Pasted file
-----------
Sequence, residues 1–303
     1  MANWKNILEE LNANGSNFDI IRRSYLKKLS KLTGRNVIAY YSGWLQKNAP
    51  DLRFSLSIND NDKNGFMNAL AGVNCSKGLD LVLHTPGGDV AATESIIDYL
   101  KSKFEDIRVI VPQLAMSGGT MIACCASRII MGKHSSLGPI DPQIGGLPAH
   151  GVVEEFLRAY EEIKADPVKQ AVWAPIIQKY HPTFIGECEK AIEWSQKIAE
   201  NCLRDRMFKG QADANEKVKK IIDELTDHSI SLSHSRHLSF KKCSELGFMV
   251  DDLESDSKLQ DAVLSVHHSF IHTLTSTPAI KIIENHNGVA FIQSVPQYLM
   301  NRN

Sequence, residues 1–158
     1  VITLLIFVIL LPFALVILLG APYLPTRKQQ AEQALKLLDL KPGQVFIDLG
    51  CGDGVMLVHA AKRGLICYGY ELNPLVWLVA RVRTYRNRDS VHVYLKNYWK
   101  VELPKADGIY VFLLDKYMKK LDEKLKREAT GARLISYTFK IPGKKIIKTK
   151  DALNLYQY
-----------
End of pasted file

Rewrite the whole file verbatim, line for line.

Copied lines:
Sequence, residues 1–303
     1  MANWKNILEE LNANGSNFDI IRRSYLKKLS KLTGRNVIAY YSGWLQKNAP
    51  DLRFSLSIND NDKNGFMNAL AGVNCSKGLD LVLHTPGGDV AATESIIDYL
   101  KSKFEDIRVI VPQLAMSGGT MIACCASRII MGKHSSLGPI DPQIGGLPAH
   151  GVVEEFLRAY EEIKADPVKQ AVWAPIIQKY HPTFIGECEK AIEWSQKIAE
   201  NCLRDRMFKG QADANEKVKK IIDELTDHSI SLSHSRHLSF KKCSELGFMV
   251  DDLESDSKLQ DAVLSVHHSF IHTLTSTPAI KIIENHNGVA FIQSVPQYLM
   301  NRN

Sequence, residues 1–158
     1  VITLLIFVIL LPFALVILLG APYLPTRKQQ AEQALKLLDL KPGQVFIDLG
    51  CGDGVMLVHA AKRGLICYGY ELNPLVWLVA RVRTYRNRDS VHVYLKNYWK
   101  VELPKADGIY VFLLDKYMKK LDEKLKREAT GARLISYTFK IPGKKIIKTK
   151  DALNLYQY